Advanced Practice: High Flow Nasal Canula in Pediatrics!
Optimal HFNC flow rates in children < 3 yrs HFNC (high flow nasal canula) has become an essential method of respiratory support in patients with hypoxemic respiratory therapy. It has shown significant benefit in children with bronchiolitis and decreasing the need for invasive mechanical ventilation. When deciding to place a young pediatric patient on HFNC, what flow rates should we be starting at and at what point should we begin to think about escalating the method of respiratory support?
Study: Weiler, T et al. The Relationship Between HFNC Flow Rate and Effort of Breathing in Children. Journal of Pediatrics. 2017; 189:66-71.
Methods: Single-center prospective observation study that enrolled 21 patients (3 years and younger) who were receiving HFNC. Esophageal pressure probes and respiratory inductance plethysmography bands were placed in order to calculate respiratory rate and peak to trough change in esophageal pressure. The measurements allowed them to calculate the pressure rate product (PRP) which is a previously validated metric of patient effort of breathing. Measurements were recorded at 0.5, 1.0, 1.5 and 2.0 L/kg/min with max flow rate of 30 L/min. Measurements were taken twice daily while on HFNC.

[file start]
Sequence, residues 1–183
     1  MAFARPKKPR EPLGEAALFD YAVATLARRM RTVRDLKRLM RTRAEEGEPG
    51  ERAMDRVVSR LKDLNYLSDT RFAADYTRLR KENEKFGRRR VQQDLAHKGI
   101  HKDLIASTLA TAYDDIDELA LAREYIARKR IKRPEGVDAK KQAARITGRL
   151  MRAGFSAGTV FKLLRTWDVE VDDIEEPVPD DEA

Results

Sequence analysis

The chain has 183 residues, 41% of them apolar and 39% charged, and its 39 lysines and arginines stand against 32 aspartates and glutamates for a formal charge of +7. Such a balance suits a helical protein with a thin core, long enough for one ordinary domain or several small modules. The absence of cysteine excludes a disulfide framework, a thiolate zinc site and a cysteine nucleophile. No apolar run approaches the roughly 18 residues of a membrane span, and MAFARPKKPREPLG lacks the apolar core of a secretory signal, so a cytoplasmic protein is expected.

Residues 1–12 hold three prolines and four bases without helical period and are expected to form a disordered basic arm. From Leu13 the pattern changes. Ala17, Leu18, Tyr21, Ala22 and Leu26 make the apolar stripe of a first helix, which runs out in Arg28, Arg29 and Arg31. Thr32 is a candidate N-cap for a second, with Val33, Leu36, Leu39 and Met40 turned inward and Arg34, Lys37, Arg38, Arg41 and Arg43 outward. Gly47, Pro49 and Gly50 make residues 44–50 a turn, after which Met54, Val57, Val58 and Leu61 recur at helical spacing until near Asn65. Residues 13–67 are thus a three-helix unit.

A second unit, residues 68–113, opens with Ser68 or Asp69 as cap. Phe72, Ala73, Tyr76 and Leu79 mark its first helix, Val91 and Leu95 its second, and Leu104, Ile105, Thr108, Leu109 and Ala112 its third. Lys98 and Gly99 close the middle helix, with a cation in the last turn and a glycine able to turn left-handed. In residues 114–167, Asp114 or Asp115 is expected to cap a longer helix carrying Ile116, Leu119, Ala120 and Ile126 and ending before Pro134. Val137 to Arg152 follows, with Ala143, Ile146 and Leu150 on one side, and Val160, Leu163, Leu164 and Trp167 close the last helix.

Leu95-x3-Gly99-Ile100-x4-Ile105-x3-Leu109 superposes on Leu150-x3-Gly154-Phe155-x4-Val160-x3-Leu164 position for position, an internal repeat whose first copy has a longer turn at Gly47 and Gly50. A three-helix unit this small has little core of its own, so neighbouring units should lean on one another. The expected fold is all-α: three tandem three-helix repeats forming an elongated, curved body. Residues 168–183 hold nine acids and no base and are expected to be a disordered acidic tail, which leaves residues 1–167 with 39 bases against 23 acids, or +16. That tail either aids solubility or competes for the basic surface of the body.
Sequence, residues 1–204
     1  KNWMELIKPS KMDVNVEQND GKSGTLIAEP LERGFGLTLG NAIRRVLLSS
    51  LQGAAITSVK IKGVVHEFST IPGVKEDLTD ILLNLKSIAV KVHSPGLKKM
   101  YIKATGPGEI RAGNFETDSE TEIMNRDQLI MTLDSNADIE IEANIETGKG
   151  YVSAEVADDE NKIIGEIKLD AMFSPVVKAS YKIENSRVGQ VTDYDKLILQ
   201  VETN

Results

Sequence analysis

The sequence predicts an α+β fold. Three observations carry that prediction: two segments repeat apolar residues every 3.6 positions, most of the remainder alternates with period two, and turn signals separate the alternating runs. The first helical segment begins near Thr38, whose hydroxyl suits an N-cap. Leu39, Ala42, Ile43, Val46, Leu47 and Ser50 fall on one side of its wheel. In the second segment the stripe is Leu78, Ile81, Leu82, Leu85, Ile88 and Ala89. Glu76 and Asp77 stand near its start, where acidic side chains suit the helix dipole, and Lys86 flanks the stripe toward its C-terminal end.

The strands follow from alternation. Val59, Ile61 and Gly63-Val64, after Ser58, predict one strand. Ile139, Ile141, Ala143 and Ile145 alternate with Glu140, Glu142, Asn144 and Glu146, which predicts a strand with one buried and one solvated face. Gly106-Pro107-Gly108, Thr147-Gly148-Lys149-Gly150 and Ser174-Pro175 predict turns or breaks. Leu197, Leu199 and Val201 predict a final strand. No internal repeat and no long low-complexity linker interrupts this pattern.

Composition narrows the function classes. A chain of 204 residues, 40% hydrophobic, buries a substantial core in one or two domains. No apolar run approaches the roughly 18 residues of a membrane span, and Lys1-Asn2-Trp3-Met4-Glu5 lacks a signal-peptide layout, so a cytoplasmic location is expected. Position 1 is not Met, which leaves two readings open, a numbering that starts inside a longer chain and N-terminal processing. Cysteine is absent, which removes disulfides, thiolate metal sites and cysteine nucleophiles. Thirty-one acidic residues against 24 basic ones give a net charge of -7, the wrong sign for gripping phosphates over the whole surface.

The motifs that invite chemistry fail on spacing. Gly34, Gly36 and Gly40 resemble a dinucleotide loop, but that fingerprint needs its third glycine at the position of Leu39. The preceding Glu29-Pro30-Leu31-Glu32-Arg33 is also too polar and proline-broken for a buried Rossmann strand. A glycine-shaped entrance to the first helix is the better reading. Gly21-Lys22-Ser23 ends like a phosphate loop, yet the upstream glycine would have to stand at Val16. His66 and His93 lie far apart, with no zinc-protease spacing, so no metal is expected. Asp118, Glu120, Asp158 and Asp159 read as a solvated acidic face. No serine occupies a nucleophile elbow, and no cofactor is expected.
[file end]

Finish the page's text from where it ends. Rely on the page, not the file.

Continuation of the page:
Results/Conclusions: The study achieved their goal sample size of 20 patients. A dose dependent relationship was observed between increasing flow rate and greater percentage change in PRP from baseline. The greatest reduction was seen at 2 L/kg/minutes. Patients < 8 kg had the largest improvement in breathing effort. The smallest difference was seen between 1.5 and 2 L/kg/min suggesting a plateauing effect and patients that have little improvement on 2 L/kg/min may require escalation of respiratory support.
Take Home Point: In young pediatric patients with hypoxemic respiratory failure, HFNC can decrease the need for invasive mechanical ventilation. Starting at or titrating to a flow rate of 2 L/kg/minute (max of 30 L/min) may provide the maximum benefit and patients requiring rates higher than this, may benefit more from CPAP, Bilevel or invasive mechanical ventilation.